THIS city worthy and character was a
son of Dr. David Paton, a physician in Glasgow, who left to his son the
tenement in which he lived for many years preceding his decease, called
Paton’s Land, opposite the Old Exchange at the Cross (but lately
removed to make way for the Trongate Station of the City and Central
Railway). The broad pavement,—or plainstanes, as it is called,—in
front of the house, formed the daily parade-ground of the veteran.
The captain held a commission in a
regiment that had been raised in Scotland for the Dutch service; and after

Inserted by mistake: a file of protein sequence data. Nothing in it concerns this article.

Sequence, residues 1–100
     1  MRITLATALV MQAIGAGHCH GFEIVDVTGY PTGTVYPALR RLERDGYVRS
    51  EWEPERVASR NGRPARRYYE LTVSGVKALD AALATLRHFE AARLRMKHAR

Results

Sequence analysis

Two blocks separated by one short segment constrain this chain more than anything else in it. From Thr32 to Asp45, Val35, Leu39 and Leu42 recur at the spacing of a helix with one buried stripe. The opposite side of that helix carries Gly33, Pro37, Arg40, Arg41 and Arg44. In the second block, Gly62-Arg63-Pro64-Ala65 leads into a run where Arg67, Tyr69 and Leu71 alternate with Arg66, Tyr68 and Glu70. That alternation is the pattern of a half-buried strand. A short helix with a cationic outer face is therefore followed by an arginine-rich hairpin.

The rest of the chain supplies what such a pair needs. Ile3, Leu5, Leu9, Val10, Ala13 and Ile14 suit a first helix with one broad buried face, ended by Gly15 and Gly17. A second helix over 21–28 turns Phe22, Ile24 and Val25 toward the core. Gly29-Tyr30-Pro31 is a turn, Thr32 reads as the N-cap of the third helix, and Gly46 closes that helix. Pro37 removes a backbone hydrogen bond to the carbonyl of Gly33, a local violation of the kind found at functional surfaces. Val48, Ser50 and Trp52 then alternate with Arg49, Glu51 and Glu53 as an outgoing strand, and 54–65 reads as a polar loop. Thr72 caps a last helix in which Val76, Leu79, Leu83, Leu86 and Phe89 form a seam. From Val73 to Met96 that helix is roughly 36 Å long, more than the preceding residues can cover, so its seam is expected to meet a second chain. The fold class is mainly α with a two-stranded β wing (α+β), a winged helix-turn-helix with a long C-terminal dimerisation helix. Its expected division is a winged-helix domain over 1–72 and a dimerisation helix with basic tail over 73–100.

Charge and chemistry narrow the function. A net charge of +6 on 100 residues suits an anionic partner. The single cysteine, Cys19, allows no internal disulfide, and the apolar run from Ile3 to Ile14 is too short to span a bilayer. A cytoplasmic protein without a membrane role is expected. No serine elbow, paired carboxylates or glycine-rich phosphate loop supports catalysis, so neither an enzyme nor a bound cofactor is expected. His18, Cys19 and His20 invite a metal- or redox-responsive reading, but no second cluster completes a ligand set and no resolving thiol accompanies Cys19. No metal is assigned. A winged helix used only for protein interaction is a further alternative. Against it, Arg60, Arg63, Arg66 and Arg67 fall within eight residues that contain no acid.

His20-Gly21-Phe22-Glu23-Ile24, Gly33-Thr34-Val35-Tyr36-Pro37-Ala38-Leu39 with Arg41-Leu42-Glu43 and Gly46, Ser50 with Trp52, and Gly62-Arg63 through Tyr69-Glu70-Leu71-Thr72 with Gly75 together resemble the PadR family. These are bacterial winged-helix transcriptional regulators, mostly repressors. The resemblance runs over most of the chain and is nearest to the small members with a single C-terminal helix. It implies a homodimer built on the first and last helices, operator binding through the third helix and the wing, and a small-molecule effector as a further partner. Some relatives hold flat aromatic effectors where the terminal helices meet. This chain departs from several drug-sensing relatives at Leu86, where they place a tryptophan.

he had left the tented field, lived with two maiden sisters, and Nelly,
the servant, who had, from long and faithful servitude, become an
indispensable member of the household. The captain was considered a very
skilful fencer, and excelled in small sword exercise, an accomplishment he
was rather proud of, and often handled his rattan as if it had been the
lethal instrument which he used to wield against the foe.
The wags of the day got up a
caricature of the captain parrying the horned thrusts of a belligerent
bull in the Glasgow Green. He died on the 30th July, 1807, at the age of
68, and was buried in the sepulchre of his father in the Cathedral, or
High Church burying grounds. Captain Paton forms the subject of Lockhart’s
celebrated serio-comic Lament, which was first published in Blackwood’s
Magazine for September, 1819.